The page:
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Orchestrating Your Product Development Process with Milestones

by Jim Morgan
August 25, 2016

Orchestrating Your Product Development Process with Milestones

by Jim Morgan
August 25, 2016 | Comments (4)

Effective milestones are an important part of a company’s development process, especially in today’s era of team-based sprints and stand-ups. Yet many companies struggle to successfully create and employ milestones; and some don’t even understand their relevance beyond updating senior leadership. In fact, the topic comes up so frequently in my travels that I thought it would be worth a slightly longer discussion than usual. 

Well-designed, thoughtful milestones do a great deal more than just mollify senior leaders.

Milestones can and should be like the sheet music that, along with a skilled conductor, aligns and guides your development orchestra. To that end, I’ll share some thoughts on the purpose of milestones, how to create useful ones, and a few tips on holding effective milestone reviews.

Milestone Purpose

Milestones, as the name implies, provide important information to the development team to guide them on their development journey. 

1)  They provide a reference to determine normal from abnormal conditions:  Milestones tell the team if they are on track so that they can decide how best to proceed, like the lines on the floor of an assembly-line workstation. In these stations, a set of yellow lines can indicate the percent of work to be completed at that point in time. If the worker is at the 50 percent line, and only 25 percent of the work is complete, he or she can pull the andon to signal for help. The team leader can then come over to help fix the issue in station without disrupting the rest of the line. Of course this system is worse than useless if the team identifies abnormal conditions but has no signaling mechanism, or if leadership does not provide real help to the team. (One example of leadership help in this regard is the cadenced design reviews discussed in my previous e-letter. However, the goal is ultimately to identify and resolve issues early and effectively – to shorten management cycle time and keep the project on course.)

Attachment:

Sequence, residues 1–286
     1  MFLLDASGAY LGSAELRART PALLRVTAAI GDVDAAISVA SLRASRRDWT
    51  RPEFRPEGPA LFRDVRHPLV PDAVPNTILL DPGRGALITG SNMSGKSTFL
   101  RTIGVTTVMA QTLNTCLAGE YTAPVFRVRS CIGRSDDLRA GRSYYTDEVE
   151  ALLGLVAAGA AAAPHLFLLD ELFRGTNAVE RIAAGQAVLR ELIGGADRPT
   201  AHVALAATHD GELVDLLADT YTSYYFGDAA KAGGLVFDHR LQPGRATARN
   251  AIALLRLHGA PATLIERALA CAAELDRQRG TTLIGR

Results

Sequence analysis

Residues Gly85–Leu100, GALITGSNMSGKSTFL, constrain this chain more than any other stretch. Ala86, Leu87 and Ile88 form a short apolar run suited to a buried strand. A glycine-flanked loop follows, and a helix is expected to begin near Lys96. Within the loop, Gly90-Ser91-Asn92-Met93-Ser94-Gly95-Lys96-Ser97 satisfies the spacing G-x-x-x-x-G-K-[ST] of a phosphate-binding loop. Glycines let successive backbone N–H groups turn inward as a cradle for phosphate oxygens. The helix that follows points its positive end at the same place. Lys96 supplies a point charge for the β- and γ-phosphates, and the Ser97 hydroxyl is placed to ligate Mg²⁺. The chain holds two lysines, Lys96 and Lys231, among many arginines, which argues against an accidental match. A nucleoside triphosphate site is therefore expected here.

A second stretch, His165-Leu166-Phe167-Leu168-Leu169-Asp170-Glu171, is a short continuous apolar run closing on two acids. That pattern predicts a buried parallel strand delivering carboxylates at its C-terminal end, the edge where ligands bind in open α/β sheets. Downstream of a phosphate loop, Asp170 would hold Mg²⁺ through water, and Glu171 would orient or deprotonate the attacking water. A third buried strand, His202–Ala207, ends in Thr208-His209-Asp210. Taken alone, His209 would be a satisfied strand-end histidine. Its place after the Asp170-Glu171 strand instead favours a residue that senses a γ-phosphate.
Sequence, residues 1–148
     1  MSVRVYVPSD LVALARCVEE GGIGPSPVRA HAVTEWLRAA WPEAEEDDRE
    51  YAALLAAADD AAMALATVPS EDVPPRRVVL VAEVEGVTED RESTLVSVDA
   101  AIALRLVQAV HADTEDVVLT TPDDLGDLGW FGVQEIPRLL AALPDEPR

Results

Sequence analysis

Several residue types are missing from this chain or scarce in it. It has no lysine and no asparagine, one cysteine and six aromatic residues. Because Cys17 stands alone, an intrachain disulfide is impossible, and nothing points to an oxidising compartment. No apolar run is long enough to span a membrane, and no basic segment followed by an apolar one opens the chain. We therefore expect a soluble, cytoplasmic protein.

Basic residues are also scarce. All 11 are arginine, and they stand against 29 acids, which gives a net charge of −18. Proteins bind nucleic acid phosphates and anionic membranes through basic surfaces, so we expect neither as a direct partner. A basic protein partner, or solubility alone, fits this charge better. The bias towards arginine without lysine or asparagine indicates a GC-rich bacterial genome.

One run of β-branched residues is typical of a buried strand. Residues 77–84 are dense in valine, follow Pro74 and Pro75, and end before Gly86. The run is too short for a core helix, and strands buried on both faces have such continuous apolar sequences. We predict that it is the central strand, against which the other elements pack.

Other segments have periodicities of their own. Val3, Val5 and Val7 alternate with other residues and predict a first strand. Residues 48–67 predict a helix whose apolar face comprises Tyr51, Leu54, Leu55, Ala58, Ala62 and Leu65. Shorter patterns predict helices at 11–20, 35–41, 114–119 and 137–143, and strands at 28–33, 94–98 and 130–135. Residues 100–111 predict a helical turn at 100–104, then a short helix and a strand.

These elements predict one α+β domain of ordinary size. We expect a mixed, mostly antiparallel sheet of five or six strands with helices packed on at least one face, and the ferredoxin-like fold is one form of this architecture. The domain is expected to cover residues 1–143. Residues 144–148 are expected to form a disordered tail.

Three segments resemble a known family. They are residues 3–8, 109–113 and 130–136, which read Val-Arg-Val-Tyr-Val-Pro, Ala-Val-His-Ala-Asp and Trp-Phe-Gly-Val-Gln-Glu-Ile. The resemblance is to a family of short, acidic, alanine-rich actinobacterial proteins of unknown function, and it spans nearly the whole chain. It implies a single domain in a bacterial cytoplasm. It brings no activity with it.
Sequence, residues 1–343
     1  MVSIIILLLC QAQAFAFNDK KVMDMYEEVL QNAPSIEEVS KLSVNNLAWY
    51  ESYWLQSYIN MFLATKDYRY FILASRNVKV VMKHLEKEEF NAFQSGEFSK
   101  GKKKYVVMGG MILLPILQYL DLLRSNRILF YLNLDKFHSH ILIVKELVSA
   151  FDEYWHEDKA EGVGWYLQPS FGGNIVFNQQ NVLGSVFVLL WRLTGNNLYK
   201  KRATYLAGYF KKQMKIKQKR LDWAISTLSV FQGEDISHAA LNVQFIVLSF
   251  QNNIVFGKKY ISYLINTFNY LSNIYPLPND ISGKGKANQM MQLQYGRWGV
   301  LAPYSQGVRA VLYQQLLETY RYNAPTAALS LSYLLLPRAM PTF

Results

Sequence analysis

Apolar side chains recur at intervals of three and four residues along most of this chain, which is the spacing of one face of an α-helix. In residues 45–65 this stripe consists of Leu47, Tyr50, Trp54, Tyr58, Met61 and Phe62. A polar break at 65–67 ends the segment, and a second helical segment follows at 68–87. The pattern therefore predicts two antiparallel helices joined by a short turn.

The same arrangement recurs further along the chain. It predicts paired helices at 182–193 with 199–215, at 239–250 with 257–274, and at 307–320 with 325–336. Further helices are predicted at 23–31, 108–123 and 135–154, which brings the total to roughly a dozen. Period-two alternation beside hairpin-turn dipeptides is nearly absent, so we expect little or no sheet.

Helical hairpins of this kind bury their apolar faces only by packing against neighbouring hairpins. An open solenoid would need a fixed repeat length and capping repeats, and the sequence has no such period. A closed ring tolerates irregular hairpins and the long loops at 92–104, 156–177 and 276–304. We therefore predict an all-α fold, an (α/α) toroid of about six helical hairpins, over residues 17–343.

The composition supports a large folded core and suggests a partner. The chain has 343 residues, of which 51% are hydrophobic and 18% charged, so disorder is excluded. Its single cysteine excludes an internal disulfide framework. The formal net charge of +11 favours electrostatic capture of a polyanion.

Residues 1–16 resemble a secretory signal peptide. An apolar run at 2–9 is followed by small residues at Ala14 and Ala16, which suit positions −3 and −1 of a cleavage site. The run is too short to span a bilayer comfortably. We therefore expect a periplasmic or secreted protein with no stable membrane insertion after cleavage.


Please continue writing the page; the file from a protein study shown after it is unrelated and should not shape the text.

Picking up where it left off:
2)   They act as key integration points: Milestones are an important part of synchronizing work across functional groups. They should be designed to recognize key interdependencies between disciplines like software and hardware or design and manufacturing and provide common reconciliation points. To do this effectively you must understand both the tasks, and sequence of tasks, within each functional discipline.  This detailed knowledge allows you to sync up work across those functions. This lets you maximize the utility of incomplete but stable data to optimize concurrent work. The better companies get at this, the faster they can go. In fact, this synchronization is far more effective in shortening lead-time than attempting to reduce individual task time.